Adrenal Fatigue vs Thyroid Dysfunction?

Adrenal Fatigue vs. Thyroid Dysfunction: How to Tell

Posted by Christy Goldfeder on March 4, 2013

If you’re frequently tired, have the blahs, and feel like it’s difficult to keep weight off, you may be experiencing the winter blues if you’re in the Northern Hemisphere. Or it could be a more serious condition.

You might naturally assume your thyroid’s off balance if you have a family history of thyroid issues. However, adrenal exhaustion and thyroid dysfunction are closely linked and frequently mistaken. Some of the symptoms they have in common include extreme fatigue, never feeling well-rested, fuzzy thinking and memory issues, unexplained weight gain, and depression.

Adrenal fatigue and thyroid dysfunction are often confused because imbalances between the adrenals and thyroid are connected between their root origin in the pituitary gland and hypothalamus parts of the brain. These work together to increase and decrease hormones release by the adrenals and thyroid, as well as the sex organs. When one system gets thrown off balance, the other can be disrupted. This makes it more difficult to figure out if it’s adrenal or thyroid imbalance.

So how can you figure out if it’s hypothyroidism or adrenal exhaustion? Here are some telltale signs for both.

The biggest signs pointing to thyroid imbalance include:
•Paleness and dry skin
•Brittle nails
•Cold/heat intolerance (especially when everyone else is comfortable)
•High blood pressure
•Puffiness in the face and extremities

For adrenal fatigue, the biggest signs include:
•Dizziness on standing
•Low blood pressure
•Salt cravings
•Feeling overwhelmed by minor situations

If you feel like you may have either a thyroid imbalance or adrenal exhaustion, you can visit your doctor for specific tests. Adrenal tests may include having your cortisol levels checked or going through an insulin-induced hypoglycemia test to see how your endocrine system reacts. For thyroid issues, standard tests often include testing your levels of thyroid stimulating hormone (TSH), total and free thyroxine (T4), and total and free triiodothryonine (T3).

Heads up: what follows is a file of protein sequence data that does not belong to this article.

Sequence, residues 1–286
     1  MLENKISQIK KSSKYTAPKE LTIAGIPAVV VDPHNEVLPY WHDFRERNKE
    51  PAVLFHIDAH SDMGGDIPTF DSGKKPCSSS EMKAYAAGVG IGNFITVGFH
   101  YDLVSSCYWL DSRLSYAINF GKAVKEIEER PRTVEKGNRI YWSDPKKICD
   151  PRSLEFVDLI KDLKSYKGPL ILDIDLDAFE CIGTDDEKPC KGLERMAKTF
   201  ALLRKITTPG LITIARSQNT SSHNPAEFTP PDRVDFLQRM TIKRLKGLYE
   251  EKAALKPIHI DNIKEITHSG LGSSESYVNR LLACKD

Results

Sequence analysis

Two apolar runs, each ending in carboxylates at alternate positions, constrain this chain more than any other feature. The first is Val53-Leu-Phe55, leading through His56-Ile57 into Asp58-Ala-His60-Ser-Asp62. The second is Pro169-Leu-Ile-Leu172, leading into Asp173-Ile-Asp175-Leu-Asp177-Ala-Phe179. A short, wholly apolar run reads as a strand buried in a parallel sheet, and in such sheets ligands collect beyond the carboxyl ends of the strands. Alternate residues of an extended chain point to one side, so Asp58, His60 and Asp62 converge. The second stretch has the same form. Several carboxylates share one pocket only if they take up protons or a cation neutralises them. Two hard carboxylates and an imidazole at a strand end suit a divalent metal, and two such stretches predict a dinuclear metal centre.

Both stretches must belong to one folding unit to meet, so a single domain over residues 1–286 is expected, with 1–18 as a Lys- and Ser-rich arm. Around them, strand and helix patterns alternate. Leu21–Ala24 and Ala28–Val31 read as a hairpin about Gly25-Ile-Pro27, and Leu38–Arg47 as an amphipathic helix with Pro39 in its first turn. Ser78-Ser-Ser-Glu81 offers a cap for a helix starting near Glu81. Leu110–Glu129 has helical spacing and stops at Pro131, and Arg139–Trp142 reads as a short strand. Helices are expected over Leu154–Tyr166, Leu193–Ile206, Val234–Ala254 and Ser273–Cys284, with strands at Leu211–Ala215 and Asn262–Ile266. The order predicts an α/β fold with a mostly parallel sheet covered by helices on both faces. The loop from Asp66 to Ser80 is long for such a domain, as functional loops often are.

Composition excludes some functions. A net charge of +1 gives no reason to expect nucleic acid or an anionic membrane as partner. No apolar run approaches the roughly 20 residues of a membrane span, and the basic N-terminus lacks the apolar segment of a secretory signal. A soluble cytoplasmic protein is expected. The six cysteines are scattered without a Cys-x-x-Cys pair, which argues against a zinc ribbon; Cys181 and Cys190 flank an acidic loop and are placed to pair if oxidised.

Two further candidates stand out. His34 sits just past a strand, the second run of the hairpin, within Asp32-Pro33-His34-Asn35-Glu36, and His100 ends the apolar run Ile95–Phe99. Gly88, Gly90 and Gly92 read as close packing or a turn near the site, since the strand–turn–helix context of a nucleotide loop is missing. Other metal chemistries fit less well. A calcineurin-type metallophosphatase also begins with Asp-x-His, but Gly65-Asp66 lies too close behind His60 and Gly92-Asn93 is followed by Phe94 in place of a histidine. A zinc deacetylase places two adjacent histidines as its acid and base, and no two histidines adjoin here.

What if you test negative for both but still feel terrible? Of course, it makes sense to get a second opinion, as blood tests are not foolproof. And while we don’t recommend foregoing medical treatment if it’s necessary, it can be worthwhile to evaluate your food and lifestyle habits to see if you can make changes that will help boost your energy, improve your mood, and clear your thinking.

Some questions to ask yourself: Do you get enough sleep? Is it restful or restless? Are you fitting healthy movement into your life? Are you eating healthy meals at regular times? Do you eat for emotional reasons?

A Health Coach can help you figure out the answers to these questions if you’re uncertain about what you should be eating or how much sleep and exercise you really need to feel good.

As a Nutritional Health Coach, I help my clients manage thyroid disease. I was diagnosed with Hashimoto’s Disease (an auto-immune disease of the thyroid).

I was dealing with the above symptoms and more. My cholesterol was 295! I had pain in my face that went to the back of my head, cold hands and feet, brain fog, forgetfulness and total exhaustion. I have also helped my daughter manage Lupus another auto-immune disease. We are both living a vibrant life now and I look forward to helping you or someone you know “get your healthy back” Contact me for a consultation debbiebarbiero@yahoo.com www.metamorphosisbodymindspirit.com